To put this into practice, banks could devise a monitoring system at the individual borrower level where both the macroeconomic drivers (top-down approach) and borrower-specific variables (bottom-up approach) would be considered. For example, the deviation of financial results from initially set budgets of a borrower would raise a red flag when looking from the bottom up. Banks could also run simulations to estimate the impact of higher unemployment rates on existing credit portfolios (top-down approach).

While this would be a powerful tool, it would require the development of standardized and semi-automated systems and templates to efficiently support this analysis, as the current volatile environment requires these simulations to be more frequently reviewed and adjusted. Cross-checking the results with market-implied data on expected defaults (e.g., by using the Merton model) may also provide additional data to help banks validate their assumptions.

This ongoing monitoring of early warning indicators, compounded with an appropriate governance and escalation structure, should automatically drive banks to review cases of increased credit risk and implement concrete actions at the appropriate level. These actions can be performed at the segment or the individual borrower level.

At the segment level, the bank may choose to hedge risk away or dispose of parts of their credit portfolios to manage their overall exposure to a given industry (e.g., restaurants and hotels in the current pandemic). The growing private debt and securitization markets are key to these disposals. According to Preqin, total assets under management (AUM) for private debt players rose by 168 percent in 2019—from USD315 billion in 2010 to USD845 billion. Preqin also expects this growth to continue, with a 73 percent increase in AUM to USD1.46 trillion by 2025. While disposals of NPL portfolios have become much more prevalent and standardized since the last crisis, the bank’s segmentation approach would still be key to selecting the relevant portfolios for disposal.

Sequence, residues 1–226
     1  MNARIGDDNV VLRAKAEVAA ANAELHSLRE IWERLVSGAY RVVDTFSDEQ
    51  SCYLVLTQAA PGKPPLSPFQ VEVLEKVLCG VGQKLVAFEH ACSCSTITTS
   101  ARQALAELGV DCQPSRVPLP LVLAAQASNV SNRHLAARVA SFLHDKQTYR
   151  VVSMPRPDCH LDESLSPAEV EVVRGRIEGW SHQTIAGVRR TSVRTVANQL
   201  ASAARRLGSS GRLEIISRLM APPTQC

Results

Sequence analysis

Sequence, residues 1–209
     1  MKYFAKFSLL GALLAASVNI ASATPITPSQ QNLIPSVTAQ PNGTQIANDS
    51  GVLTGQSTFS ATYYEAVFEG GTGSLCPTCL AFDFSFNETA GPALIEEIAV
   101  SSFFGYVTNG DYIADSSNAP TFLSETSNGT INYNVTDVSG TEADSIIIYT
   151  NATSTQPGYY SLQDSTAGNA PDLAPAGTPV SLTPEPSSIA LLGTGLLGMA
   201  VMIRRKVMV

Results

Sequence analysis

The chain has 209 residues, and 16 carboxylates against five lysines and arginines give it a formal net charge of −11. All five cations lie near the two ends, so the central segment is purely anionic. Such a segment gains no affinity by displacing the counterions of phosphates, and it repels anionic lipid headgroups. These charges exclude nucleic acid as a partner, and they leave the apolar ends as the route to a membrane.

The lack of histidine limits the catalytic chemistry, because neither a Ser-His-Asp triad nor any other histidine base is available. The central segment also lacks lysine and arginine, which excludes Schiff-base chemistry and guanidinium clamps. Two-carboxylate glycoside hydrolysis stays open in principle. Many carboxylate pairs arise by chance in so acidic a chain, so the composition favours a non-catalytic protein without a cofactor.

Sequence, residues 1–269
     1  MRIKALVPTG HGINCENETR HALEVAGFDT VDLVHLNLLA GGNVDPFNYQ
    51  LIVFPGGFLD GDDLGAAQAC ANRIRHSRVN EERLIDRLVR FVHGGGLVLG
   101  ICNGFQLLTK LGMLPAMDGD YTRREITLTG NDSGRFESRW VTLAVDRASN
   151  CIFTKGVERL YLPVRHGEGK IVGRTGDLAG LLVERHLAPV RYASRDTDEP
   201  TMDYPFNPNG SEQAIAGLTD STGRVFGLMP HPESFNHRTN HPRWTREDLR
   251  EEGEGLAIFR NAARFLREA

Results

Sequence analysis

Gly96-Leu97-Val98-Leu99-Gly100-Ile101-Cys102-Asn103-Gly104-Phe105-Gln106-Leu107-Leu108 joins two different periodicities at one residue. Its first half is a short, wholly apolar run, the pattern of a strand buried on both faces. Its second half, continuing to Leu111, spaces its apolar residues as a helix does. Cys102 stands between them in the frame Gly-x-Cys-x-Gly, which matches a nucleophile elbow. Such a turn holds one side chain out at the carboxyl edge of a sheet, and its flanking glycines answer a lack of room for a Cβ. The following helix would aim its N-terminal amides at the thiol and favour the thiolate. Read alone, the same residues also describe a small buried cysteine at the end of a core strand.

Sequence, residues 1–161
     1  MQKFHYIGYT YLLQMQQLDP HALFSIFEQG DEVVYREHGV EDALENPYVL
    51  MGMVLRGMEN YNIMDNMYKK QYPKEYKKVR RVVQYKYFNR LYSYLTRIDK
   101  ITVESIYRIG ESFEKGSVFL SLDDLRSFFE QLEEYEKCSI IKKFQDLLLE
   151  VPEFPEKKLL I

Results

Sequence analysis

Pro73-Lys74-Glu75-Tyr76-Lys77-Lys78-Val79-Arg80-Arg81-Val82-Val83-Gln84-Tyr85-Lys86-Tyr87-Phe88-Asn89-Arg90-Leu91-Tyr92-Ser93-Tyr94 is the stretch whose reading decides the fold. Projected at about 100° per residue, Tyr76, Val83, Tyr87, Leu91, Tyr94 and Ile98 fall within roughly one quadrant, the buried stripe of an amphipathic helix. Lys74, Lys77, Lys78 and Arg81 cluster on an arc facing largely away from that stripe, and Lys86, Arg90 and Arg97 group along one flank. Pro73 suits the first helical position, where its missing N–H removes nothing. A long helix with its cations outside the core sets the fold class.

If risk is managed at the individual borrower level, the bank may begin early discussions with certain borrowers who are experiencing decreasing credit quality to discuss management plans, liquidity options or similar arrangements. These discussions could result in a wider range of mutually acceptable options, such as the provision of additional collateral and temporary covenant waivers, allowing the borrower to continue investing in the business and remain a going concern.

All of which leads to another particular challenge in the current environment. As credit availability is a key driver of economic growth, there is a need to balance governments’ desire for banks to continue financing the real economy while also remaining disciplined about the risk they take on their balance sheet. Therefore, any action taken by banks will need to be assessed not only from an economic angle but also from a social and reputational one.

Conclusion

  • No level of preparedness and proactive measures can completely prevent banks from experiencing increasing NPLs in the current economic situation.
  • However, compared to the last economic crisis, we believe that banks today have more options at their disposal.
  • To access these options, banks should invest in particular risk monitoring tools.
  • The banks that invest early will reap multiple benefits in the short and long term, including lower running costs, improved earnings predictability and risk management, and better regulatory compliance.